Lawyers suing lawyers

LAST UPDATED: 11 Jan, 2015 @ 21:48
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Lawyers suing lawyers

Our regular Olive Press legal column by lawyer Antonio Flores 

IT is every so often that we get enquiries from disgruntled former clients of colleagues, claiming that their chances of recovery, on occasion of a legal dispute or in a failed property transaction, have been seriously diminished or even thwarted by, in their view, negligence of the acting lawyer.

And whenever the option to sue another lawyer is raised by a third participant in the meeting (it tends to be a friend, acting as the good Samaritan for the occasion), the victim of the suggested negligence tends to raise all kinds of objections, arguing that ‘lawyers tend to stick up for each other and they will avoid filing lawsuits against fellow practitioners’.

Admittedly, this perception is widely spread among foreign people, further aggravated when they throw in other elements of collusion (lack of determination or bias, the logic idea that other lawyers are naturally antagonistic toward lawyers who sue lawyers, corrupt judges, unknown timescales, costs etc.).

The reality is that, unlike in the US, in Spain we don’t have lawyers specialised in suing other lawyers. It is in fact a field of the law that is almost unknown, and you will normally find that it takes a lawyer with very tough skin to feel comfortable in this practice.

Yet there are now more and more articles devoted to legal malpractice being published, quoting relevant rulings and other interesting material on the issue and astonishingly, when you make a search on one of many legal libraries in use, using the words “abogadonegligencia”, the result shows a whopping… 5,221 court rulings!

So it might be that we need to embrace the motto of a known Miami-based malpractice lawyer, Warren Trazenfeld, who some years back said: “Good lawyers always want to police their profession, they believe that lawyers who have damaged their clients should be held accountable.”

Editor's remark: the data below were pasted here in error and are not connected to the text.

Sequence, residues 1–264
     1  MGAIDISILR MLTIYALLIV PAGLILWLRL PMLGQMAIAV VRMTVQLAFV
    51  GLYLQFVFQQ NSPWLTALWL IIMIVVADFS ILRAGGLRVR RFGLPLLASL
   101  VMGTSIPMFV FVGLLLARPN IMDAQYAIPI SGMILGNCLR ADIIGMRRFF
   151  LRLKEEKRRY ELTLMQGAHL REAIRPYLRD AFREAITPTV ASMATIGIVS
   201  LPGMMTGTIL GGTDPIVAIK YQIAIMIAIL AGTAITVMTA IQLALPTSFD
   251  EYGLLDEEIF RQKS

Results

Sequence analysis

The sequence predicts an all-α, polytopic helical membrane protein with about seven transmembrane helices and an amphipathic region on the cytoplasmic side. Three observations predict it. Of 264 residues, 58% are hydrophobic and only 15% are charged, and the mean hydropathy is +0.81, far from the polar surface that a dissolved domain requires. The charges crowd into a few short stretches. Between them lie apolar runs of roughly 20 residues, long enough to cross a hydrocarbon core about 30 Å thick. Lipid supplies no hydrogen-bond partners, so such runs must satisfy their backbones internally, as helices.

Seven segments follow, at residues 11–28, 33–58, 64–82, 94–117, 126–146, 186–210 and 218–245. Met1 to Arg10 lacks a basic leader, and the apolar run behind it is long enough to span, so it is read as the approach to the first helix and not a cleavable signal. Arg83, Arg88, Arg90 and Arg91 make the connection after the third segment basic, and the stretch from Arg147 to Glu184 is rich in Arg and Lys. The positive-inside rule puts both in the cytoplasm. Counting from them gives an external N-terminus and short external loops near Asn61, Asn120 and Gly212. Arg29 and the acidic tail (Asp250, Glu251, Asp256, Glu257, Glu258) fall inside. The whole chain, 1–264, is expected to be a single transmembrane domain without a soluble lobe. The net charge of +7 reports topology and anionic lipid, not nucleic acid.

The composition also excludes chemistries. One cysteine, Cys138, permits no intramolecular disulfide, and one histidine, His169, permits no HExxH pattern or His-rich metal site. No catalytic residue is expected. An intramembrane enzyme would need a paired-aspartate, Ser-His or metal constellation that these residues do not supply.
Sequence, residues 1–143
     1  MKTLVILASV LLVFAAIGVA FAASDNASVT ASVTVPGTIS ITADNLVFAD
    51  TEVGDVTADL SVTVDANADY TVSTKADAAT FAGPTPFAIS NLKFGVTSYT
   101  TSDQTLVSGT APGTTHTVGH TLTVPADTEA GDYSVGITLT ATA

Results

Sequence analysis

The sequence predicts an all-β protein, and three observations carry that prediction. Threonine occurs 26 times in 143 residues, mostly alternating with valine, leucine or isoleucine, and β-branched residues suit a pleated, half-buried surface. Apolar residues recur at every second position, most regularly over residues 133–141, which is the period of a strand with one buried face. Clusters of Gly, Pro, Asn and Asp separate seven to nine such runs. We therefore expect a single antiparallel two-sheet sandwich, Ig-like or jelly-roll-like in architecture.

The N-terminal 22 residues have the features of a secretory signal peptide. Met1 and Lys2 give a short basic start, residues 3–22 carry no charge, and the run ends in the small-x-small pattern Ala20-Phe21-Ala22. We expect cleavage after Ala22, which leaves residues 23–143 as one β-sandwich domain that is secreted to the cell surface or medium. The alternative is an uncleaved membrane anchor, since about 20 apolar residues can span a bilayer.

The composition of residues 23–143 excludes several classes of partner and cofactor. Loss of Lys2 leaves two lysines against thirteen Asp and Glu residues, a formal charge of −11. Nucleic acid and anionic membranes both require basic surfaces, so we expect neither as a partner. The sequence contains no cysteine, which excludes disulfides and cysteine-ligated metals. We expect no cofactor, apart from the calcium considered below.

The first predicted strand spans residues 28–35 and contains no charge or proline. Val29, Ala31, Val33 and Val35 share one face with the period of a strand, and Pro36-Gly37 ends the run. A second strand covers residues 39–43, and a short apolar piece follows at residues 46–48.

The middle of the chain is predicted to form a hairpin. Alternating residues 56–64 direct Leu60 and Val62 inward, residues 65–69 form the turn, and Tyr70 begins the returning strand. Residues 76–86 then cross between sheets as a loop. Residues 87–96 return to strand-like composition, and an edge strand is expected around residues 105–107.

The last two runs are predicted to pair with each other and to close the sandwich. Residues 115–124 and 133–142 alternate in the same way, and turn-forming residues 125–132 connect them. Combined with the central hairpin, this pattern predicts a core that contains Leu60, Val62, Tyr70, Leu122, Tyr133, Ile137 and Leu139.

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Lawyer Antonio Flores is the legal columnist for the Olive Press. Antonio has been practising law since 1997, year in which he began working for a large law firm in Marbella as a Property Lawyer. In 1998 he left the company he had joined a few months earlier, and used his knowledge and the experience gained to build his own practice. He is known throughout the community as independent, reputable and trustworthy. Through a combination of strong work ethics, determination and international exposure, his competence of Spanish Law is unparalleled and demonstrated through his fluency in English and Spanish.

3 COMMENTS

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  1. I feel sick in the stomach reading this article. The truth to the matter is that the legal profession is the only profession that believes six sigma does not apply to them. Lawyer regulation is simply a register of frequent flyer points – a lawyer becomes a Dalmatian when they obtain 101 dismissed complaints.

    I can assure you its not the foreigners that complaint about the system its also the spaniards that have moved overseas too! Hiring a lawyer today is pretty much a risk management task – getting wrong and the risk is dangerous.

    Lawyers believe in 100% self regulation. Group thinking does not police an industry

    There is only one good think about spanish lawyers they don’t have the billable hour – no one would go to a lawyer if they did!

  2. Abogados do not enjoy a good reputation among the foreigners, especially after suffering some practical experience. Trying to sue one would be considered by most a very good waste of time and money (no offense!).

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